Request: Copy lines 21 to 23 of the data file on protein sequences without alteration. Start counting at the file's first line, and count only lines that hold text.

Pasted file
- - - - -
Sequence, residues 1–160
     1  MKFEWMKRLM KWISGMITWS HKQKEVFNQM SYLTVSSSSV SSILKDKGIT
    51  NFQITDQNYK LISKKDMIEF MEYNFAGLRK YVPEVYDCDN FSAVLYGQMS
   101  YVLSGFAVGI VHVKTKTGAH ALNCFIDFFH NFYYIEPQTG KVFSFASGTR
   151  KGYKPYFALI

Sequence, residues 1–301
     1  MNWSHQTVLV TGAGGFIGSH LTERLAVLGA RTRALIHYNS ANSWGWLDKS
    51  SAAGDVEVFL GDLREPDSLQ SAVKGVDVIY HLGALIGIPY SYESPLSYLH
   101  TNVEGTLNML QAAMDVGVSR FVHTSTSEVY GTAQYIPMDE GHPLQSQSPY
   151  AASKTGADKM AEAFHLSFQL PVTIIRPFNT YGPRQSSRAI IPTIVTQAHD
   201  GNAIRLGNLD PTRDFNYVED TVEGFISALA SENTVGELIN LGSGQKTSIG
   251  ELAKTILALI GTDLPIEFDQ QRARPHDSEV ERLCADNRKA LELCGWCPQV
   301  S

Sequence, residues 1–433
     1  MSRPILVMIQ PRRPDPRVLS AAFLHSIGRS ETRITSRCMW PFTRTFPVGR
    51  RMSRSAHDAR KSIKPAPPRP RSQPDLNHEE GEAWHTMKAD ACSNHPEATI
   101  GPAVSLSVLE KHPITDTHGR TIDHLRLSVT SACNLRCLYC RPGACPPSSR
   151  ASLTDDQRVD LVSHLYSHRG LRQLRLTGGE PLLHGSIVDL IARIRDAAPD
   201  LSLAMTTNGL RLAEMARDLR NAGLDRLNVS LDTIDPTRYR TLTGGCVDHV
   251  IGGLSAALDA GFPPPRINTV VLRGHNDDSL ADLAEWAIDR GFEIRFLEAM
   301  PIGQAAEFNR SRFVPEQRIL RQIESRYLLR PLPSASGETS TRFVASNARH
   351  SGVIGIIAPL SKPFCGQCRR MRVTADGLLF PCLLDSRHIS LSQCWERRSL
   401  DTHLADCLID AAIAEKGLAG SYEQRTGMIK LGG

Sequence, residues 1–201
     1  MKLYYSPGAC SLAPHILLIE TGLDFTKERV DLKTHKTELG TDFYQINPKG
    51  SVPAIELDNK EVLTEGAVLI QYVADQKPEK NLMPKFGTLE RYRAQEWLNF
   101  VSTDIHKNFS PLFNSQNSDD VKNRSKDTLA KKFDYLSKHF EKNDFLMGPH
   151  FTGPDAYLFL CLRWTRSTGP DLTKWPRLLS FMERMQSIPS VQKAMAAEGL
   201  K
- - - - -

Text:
   301  PIGQAAEFNR SRFVPEQRIL RQIESRYLLR PLPSASGETS TRFVASNARH
   351  SGVIGIIAPL SKPFCGQCRR MRVTADGLLF PCLLDSRHIS LSQCWERRSL
   401  DTHLADCLID AAIAEKGLAG SYEQRTGMIK LGG